My period of employment at the “old” Scoreboard Liquors in downtown New Albany lasted from 1982 to 1988. Scoreboard’s front door opened onto West Spring Street, facing the courthouse, and it was within spitting distance of numerous bankers, lawyers, title abstractors and others feeding at the government trough.
In the back part of the building was the famous Cadillac Lanes bowling alley, so named because in quaint times previous, the liquor store’s retail space in front was an automobile dealership. No one then or now knows why the store was named Scoreboard.
In figurative terms, to be taken “out behind the bowling alley” meant to be blindfolded, stood against the wall and shot. In retrospect, the phrase is tactless, but it certainly was used quite often, especially in conjunction with car salesmen from Coyle Chevrolet a few blocks away. I always wondered whether the Caddy people of old were as relentlessly obnoxious.
In the summer of 1988, I took a week off from my “real” job to help Jim and Ed move the store to a worse but cheaper former Night Owl food store location on the largely inaccessible corner of Spring and Beharell.
In fairness to the owners, business had declined at the old site owing to competition and changing tastes. The lease expired, the building was slated for demolition, and there were few good choices. I continued working evenings off and on until 1992, but it never was the same for me at the “new” store.
More than a decade and a half later, I think back to the downtown stalwarts who were older, and it occurs to me that many of them have died. Here are my memories of a few of them.
At first Gin Lady was of indeterminate age, maybe 50, probably closer to 60, but when it finally was determined that she walked to the liquor store from the bar-none, ugliest, Communist Bulgarian-designed senior citizen housing tower in the metro area -- two short blocks away -- she came to be at least in her seventies.
Originally she was known as Mother Gargle, from the “Born Loser” comic strip. As a typical day progressed and she’d visit for the second or even third time, her breath would grow increasingly foul, and her hair would become more and more frizzy. Eventually, by late afternoon, her hair would be standing straight up almost like an Afro.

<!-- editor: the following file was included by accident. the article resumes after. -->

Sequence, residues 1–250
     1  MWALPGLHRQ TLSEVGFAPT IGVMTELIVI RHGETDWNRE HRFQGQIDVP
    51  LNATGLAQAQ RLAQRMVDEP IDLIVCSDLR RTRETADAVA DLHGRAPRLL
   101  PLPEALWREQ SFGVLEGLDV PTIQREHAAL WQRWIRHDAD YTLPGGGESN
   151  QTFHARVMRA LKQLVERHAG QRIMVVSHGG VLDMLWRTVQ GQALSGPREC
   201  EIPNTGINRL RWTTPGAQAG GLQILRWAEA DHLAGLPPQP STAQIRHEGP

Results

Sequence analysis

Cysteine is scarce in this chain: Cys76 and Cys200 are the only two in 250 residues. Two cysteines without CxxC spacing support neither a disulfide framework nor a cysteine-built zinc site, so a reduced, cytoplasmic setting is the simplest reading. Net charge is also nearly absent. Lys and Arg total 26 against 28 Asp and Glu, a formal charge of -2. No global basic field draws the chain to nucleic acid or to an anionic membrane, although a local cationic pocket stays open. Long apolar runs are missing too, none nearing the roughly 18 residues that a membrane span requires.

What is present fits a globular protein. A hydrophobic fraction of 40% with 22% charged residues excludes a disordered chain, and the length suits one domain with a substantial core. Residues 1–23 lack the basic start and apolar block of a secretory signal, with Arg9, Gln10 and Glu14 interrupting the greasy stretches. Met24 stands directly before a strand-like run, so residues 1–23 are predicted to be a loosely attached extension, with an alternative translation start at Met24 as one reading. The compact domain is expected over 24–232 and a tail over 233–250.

Gin Lady wasn’t black.
In spite of any presumptions to the contrary, which we’d be reminded of each time she came into the store, the Seagram’s Gin was never for her; rather it was for her gentleman friend Charles, who’d be calling that particular morning, or afternoon, or evening, or all three.
Charles was never seen then or any other time, and neither has Gin Lady since the store changed locations in 1988.
Another regular customer was Carl, otherwise known as "Chemical Man” for the spectacular lack of nutrients in his bloodstream and our certainty that the only thing keeping him alive was formaldehyde.
If not raw preservative chemicals, then the processed variety sufficed: Kessler whiskey and Sterling beer … and keep ‘em coming. Early on, when I’d just started working at the store and hadn’t come to understand the subtle nuances of alcoholism, it struck me as senseless that Carl would visit the store three times a day for a half pint of Kessler.
Why not buy a liter first thing in the morning? After all, it was a far better price.
To this comment, Chemical Man sputtered indignantly that my college education had taught me absolutely nothing, because any fool knows that if you start the day with a big bottle, you’ll just go and drink it before lunch – and then what?
Later, in the waning days of the store’s tenure downtown, Chemical Man grew too weak to carry the daily case of Sterling to his house, which was no more than fifty yards from the store’s front door. I’d carry it over and put it on the porch for him.
A year or so later, I read Carl’s obituary in the newspaper. I’d have bet money that he was 70 or older, but he was only 59 at the time of his death in 1989.
In later years, after Jim sold the liquor store and the new owner promptly closed it for good, Snake started coming by my pub to pick up the cardboard.